The most striking structures in our image (Fig. 1) are the three knots B, C, and D. Assuming a typical stellar radius of the central source of [FORMULA] cm and [FORMULA] pc (Winters et al. 1994a ), the (tangential) separation of the knots from the central peak is 10 [FORMULA] (B) and 7 [FORMULA] (C,D). In terms of the models, this could be interpreted as knots B, C, and D being connected to an outer dust layer, whereas knots E and F belong to the next layer inwards. This interpretation requires the fragmentation of inhomogeneous dust layers or that the knots result from spatially bounded separate dust formation events. Since dust nucleation is extremely sensitive to the local kinetic gas temperature, dust formation could be caused locally even by small temperature fluctuations. The radial velocity of the expanding dust shell is approximately 15 km s-1. This corresponds to [FORMULA] 3 AU/year or 18 mas/year at a distance of 170 pc for a movement perpendicular to the line-of-sight. Thus, if connected to this expansion, knot B should have formed at least 11.6 yr ago, while C and D would be [FORMULA] yr old. In terms of the pulsation period ([FORMULA] d) this would correspond to a time scale for the formation of new dust layers (or knots) of [FORMULA]. Then, the structures E and F would have been formed [FORMULA] ago. The formation of new dust layers on time scales longer than the pulsation period is a common phenomenon of the model calculations (e.g. Fleischer et al. 1992 , Winters et al. 1994b , 1995 ). Therefore, future observations can be used to test this model and to determine the dust formation frequency and the tangential velocity of the structures.

3.3. Inhomogeneuos mass loss

Since the present observations reveal that IRC +10 216's shell structure is highly fragmented in the immediate stellar vicinity, there seems to be evidence for an already inhomogeneous mass-loss process. Inhomogeneously outflowing matter implies corresponding stellar surface inhomogeneities which may be caused by magnetic activity, global pulsations or large-scale photospheric convection. In particular, the latter seems to be a common phenomenon of far-evolved stars.

Schwarzschild (1975 ) showed that the typical horizontal size of a solar granule, [FORMULA], is given by characteristic depth scales of the layers below the photosphere. With the pressure scale height, [FORMULA], as the major depth scale and assuming that the ratio of [FORMULA] is constant he found that for red giants the dominant convective elements become so large that only a few of them can occupy the surface at any time leading to large temperature variations on the surface and concomitant brightness fluctuations. Due to the prominent temperature contrasts at the surface the emitted radiation is highly anisotropic leading to a polarization of the light scattered by circmstellar dust. Schwarzschild (1975 ) already supposed that mass ejection is triggered by photospheric convection and Dyck et al. (1987 ) outlined its possible importance for IRC +10 216.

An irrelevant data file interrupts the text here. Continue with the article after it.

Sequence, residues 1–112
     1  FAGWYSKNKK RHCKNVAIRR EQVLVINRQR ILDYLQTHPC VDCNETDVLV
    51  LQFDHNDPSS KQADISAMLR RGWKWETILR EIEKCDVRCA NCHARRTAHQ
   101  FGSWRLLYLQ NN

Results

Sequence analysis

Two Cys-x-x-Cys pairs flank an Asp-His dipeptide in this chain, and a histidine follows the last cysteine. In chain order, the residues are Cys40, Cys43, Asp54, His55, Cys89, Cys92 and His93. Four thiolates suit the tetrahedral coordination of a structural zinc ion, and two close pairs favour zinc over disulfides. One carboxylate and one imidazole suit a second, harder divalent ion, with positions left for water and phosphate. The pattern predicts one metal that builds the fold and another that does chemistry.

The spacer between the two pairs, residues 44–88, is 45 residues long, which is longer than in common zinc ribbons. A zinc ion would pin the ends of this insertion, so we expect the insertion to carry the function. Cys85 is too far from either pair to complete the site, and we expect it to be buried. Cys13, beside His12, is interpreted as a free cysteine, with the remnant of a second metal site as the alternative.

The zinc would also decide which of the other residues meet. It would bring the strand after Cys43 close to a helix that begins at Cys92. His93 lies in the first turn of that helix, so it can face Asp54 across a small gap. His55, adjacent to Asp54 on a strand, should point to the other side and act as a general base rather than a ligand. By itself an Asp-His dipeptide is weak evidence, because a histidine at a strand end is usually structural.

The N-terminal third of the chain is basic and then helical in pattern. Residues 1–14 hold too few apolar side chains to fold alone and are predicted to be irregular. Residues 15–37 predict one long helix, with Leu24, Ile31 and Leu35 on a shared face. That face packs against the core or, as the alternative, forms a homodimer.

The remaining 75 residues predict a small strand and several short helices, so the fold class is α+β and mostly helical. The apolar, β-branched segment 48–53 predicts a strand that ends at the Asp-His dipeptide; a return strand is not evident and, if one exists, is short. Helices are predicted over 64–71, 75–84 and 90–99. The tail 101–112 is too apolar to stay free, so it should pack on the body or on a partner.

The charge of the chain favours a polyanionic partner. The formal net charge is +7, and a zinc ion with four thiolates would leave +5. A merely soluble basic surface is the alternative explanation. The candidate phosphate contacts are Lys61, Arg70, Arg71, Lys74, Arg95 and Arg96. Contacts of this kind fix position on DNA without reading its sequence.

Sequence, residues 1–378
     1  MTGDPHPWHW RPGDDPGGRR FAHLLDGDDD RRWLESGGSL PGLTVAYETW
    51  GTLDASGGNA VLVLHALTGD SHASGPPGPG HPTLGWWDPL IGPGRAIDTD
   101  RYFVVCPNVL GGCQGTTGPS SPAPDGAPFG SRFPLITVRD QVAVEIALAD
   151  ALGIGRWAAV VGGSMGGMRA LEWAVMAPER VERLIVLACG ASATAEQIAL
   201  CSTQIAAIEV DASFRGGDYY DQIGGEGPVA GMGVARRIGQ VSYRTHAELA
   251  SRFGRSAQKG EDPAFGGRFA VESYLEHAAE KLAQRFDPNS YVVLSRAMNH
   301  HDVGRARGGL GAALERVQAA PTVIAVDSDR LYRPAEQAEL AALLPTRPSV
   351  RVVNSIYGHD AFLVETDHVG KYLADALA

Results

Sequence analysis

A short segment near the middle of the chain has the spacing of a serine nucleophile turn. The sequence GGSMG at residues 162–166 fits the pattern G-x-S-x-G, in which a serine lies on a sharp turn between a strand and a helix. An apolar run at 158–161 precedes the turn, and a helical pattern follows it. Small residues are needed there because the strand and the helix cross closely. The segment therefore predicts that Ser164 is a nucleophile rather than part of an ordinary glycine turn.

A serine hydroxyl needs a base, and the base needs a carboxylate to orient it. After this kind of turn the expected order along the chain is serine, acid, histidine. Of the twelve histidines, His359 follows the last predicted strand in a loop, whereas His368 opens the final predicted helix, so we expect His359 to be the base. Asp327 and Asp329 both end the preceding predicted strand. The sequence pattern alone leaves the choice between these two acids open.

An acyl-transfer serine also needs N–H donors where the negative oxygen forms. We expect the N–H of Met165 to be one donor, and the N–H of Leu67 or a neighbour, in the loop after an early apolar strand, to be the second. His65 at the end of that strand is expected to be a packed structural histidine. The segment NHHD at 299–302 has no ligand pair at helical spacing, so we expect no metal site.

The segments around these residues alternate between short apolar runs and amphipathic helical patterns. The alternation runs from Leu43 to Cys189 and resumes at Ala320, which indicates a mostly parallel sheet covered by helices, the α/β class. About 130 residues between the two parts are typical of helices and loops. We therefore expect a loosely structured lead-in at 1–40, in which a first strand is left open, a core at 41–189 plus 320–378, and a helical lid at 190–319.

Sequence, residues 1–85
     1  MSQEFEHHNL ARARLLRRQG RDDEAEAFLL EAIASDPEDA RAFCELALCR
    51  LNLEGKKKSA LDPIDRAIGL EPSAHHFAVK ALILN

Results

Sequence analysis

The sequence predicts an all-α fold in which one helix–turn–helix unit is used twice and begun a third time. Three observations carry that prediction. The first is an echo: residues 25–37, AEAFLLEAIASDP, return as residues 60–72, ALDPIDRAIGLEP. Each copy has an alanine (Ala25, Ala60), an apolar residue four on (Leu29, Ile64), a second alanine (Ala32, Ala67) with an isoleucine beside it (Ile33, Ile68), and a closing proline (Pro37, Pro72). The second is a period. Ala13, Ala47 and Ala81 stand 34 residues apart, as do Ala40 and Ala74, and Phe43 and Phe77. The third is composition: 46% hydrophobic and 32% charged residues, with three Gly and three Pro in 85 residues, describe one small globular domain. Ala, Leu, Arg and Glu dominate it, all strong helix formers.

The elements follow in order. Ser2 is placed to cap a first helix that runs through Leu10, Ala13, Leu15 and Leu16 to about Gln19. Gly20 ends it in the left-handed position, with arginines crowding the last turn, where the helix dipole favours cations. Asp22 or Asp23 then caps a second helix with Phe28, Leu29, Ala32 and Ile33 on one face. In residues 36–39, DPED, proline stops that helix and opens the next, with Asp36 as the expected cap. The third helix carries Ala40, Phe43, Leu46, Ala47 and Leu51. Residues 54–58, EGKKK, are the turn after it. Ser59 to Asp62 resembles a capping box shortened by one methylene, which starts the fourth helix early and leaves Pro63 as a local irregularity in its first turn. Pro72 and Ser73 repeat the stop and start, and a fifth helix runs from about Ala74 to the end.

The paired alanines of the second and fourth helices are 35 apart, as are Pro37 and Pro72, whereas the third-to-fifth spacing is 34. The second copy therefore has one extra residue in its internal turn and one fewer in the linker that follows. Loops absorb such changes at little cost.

Indeed, based on a linear stability analysis of convective modes in the envelopes of red giants, Antia et al. (1984 ) found the pressure scale height to be the prevailing depth scale leading to dominant convective elements which are of comparable size to the stellar radius. More recently, Freytag et al. (1997 ) presented models for convection zones of main-sequence stars and subgiants with spectral type F to K based on 2D numerical radiation hydrodynamics calculations. They found a tight correlation between the characteristic photospheric scale height [FORMULA] and the size of the granules, [FORMULA], viz. [FORMULA] covering more than two orders of magnitudes in gravity. Due to this robustness a (cautious) extrapolation to the red giant regime seems to be justified. For IRC +10 216 (with [FORMULA] K, [FORMULA], and [FORMULA]) this leads to a typical granule size of [FORMULA] allowing the whole surface to be occupied by, at most, a few granules.

The resulting temperature fluctuations can be expected to be in the range of up to several hundred Kelvin (Antia et al. 1984 ) being large enough to cause observable brightness fluctuations and to influence the formation of the shock- and dust-driven stellar wind and, therewith, the shape of the circumstellar shell. Thus, one further implication of large-scale surface inhomogeneities could be a corresponding large-scale fragmentation of the outflowing matter possibly leading to knots within the multiple shell structure as observed for IRC +10 216.

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© European Southern Observatory (ESO) 1998

Online publication: April 20, 1998